There is a certain charm to a well-tailored suit, especially if the guy wearing it can murder a roomful of people - and by murder we mean stab, shoot, slice, and in general orchestrate a danse macabre - and still emerge unscathed without so much as a crease on said suit. Even 007 Barney Stinson's clothes give out after a while and start looking a little puckered.
But apparently, a Kingsman's suit is made of stronger stuff. Nah, it's nothing as common as titanium (a la Iron Man
), but something much harder to find - style. Loads and loads of style, topped with generous helpings of suave, mixed in with a hint or two of old-world rakish swagger. Accessorise all this with an umbrella, and you've got your average Kingsman.
More than being a spy thriller - the title says "the secret service" for crying out loud! - the film is a lesson in sartorial weaponry, and not like in the Transporter
movies where Jason Statham actually uses pieces of his clothing to whip baddies into shape. It is a lesson in waging war on the shabbily dressed dregs of humanity (who happen to be pretty much all others who haven't been recruited by the Kingsman).
Based on a comic book by Dave Gibbons and Mark Millar, Kingsman: The Secret Service is about a secret spy agency whose members are rich influential gentlemen (we can't tell you how often this word crops up in the movie) who quietly and discreetly rid the world of its scum, stock their armouries with everything ranging from bullet-proof umbrellas to gold-plated lighters that double up as hand grenades, and dress up in the most dapper suits known to mankind, all in a day's work.
The film starts with the Kingsmen being rescued by the heroic sacrifice of one of their agents, and as a gesture of appreciation, agent Galahad aka Harry Hart (Colin Firth) visits the deceased agent's family and stumbles upon the agent's son, young Eggsy (Taron Eggerton). Galahad gives the kid a medal and asks him to call on the number inscribed at the back of the medal during times of trouble.
Seventeen years later, Eggsy has grown up to be a troubled teenager who hovers on the edges of a dysfunctional family, stopping on his reckless rampage through life only to indulge in petty theft and general juvenile aimlessness.
Meanwhile, one of the Kingsman agents, code-named Lancelot (Jack Davenport), gets killed during a rescue mission for climate scientist James Arnold (Mark Hamill) who has been kidnapped by the internet billionaire and fledgling eco-terrorist Richmond Valentine (Samuel Jackson).
Valentine believes that humanity is a deadly virus which has infected the planet, and that he is the messiah who will scourge this plague and restore Mother Nature to her usual state of bountiful order and abundance. To complete this rosy picture, he is aided by a woman called Gazelle (Sofia Boutella) whose prosthetic legs double up as lethal blades during a duel. Add to this a lisp and a misguided fondness for bling and Macdonalds, and you have a brand new kind of thug. The Kingsmen are all that stand in his way.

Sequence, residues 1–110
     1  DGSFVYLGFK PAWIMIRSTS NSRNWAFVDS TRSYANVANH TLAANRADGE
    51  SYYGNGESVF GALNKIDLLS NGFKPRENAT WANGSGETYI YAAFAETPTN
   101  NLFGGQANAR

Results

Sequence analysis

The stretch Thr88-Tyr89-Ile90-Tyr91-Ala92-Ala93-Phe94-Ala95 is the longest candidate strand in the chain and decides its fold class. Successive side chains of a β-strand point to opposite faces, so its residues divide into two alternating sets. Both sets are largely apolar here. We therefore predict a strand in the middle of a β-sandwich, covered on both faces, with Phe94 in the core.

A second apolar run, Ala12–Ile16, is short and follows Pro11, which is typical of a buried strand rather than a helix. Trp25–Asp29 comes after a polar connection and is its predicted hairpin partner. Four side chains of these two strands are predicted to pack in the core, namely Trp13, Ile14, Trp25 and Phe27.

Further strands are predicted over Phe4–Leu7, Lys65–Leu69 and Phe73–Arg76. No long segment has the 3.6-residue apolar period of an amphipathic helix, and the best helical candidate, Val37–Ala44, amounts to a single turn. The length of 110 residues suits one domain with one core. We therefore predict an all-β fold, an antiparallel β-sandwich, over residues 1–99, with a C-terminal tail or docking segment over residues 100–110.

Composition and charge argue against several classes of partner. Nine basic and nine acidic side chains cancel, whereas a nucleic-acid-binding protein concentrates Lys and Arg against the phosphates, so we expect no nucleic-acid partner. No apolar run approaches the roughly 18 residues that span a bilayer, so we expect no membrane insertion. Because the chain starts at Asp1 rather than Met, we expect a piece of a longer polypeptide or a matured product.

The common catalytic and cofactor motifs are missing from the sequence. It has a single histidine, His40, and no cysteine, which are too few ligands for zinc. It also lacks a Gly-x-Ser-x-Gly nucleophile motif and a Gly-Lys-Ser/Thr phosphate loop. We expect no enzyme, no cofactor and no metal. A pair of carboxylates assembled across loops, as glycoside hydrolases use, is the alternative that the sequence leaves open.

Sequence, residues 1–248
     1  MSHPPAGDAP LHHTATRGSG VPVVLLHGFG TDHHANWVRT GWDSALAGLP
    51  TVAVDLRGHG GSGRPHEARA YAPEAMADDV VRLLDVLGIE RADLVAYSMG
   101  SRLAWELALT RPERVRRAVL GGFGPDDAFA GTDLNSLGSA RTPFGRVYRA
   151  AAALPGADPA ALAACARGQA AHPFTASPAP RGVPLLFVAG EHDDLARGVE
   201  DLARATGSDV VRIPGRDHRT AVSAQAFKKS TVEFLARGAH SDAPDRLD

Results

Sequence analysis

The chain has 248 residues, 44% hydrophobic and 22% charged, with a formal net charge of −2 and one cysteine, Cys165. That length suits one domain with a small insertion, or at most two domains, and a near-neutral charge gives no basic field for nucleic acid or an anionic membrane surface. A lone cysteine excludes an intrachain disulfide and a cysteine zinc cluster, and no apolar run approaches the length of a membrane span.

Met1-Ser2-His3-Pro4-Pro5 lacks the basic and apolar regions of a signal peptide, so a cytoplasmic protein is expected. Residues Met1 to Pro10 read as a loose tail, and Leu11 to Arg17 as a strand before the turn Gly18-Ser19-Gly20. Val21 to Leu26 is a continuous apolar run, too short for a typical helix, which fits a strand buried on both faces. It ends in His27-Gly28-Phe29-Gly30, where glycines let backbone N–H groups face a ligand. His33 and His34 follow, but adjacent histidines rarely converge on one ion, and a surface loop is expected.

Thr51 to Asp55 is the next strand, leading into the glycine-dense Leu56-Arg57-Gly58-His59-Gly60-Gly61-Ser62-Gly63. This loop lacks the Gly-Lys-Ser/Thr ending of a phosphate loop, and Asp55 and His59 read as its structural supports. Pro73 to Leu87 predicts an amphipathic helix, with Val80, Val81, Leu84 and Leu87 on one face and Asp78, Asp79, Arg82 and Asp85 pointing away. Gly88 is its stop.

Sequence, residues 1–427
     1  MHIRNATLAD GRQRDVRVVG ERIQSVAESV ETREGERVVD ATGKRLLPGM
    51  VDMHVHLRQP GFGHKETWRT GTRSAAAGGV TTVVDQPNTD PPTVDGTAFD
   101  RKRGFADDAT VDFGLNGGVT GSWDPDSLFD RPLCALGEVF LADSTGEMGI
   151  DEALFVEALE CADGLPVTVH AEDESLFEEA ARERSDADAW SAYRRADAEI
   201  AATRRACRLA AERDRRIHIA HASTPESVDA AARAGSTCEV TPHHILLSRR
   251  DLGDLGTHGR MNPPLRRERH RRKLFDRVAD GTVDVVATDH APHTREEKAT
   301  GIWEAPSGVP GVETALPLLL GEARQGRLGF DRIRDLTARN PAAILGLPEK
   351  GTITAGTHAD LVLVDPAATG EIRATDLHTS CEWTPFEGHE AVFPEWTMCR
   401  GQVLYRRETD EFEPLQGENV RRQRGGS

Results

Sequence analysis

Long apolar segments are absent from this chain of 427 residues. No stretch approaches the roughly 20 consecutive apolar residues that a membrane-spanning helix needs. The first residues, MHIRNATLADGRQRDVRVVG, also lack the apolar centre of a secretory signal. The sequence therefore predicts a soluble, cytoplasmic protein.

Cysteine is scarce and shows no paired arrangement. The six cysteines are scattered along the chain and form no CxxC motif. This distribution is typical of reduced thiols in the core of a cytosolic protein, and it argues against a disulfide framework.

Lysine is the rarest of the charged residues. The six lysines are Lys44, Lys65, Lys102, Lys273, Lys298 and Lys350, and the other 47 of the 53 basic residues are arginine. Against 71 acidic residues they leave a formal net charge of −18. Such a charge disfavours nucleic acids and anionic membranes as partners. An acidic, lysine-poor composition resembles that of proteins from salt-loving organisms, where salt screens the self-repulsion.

To fill up Lancelot's post, Galahad puts forth Eggsy as his candidate. The rest of the aspiring knights comprise of elite Ivy League gentlemen and ladies who scoff at the newest addition to their team because the only thing that rich snobbish people hate more than poor people is poor people who are obviously better than rich snobbish people. Duh.
Valentine plans to take over the world by letting people fight each other to death. He hates getting his own hands bloodied, you see, and he even has trouble watching when Galahad, under the influence of synthetic hormone implants in SIM cards (beware all you millenials who are glued to your smartphone screens, technology will be our downfall!), massacres everybody in a church.
It is up to the Kingsman to stop his plan and save the day, and then, if luck permits, discuss art over a vintage glass of wine (okay, we are kidding about the last part).
Kingsman's director Matthew Vaughn is an expert in making a certain kind of movie - one which tries to avoid all the dominant tropes that afflict pop culture narratives, one which is packed with both stylised (to the point of being edified) as well as appropriately gory violence, and most importantly, one which parodies the genre that it actually belongs to. What else do you say about a guy who had the guts to show a pre-teen girl being punched left, right and centre by a mob boss (Kick-Ass)?
The Kingsman too is an entertaining introduction to the world of Matthew Vaughn movies where the good guys indulge in as much bloodshed as the bad guys, and do so while having a lot of fun.
The film parodies James Bond to the point where it actually acts as a fractal representation of that genre. It is the kind of movie which makes young scruffily dressed men sit up and straighten their collars, and wish for a pair of Oxfords which project knives when tapped together, a la Dorothy from Wizard Of Oz
Colin Firth plays his part beautifully, which is what he does pretty much all the time. He utters dry witticisms in clipped British tones, and shows how good he could have been if anybody had bothered to cast him as Bond. Samuel Jackson is gleefully evangelically evil, like a little kid let loose in a candy shop.
Taron Eggerton starts out shakily, but gains confidence as his character develops under the guidance of Galahad. He is the misfit, and by the end, he fits in quite beautifully.
The film, while trying to escape the bog of mediocrity that might have swallowed lesser movies, makes some really entertaining visuals. You'll especially enjoy that scene where everybody's head explodes into swirls of pyshedelic colours. Literally.
And that's all you need to know about Kingsman.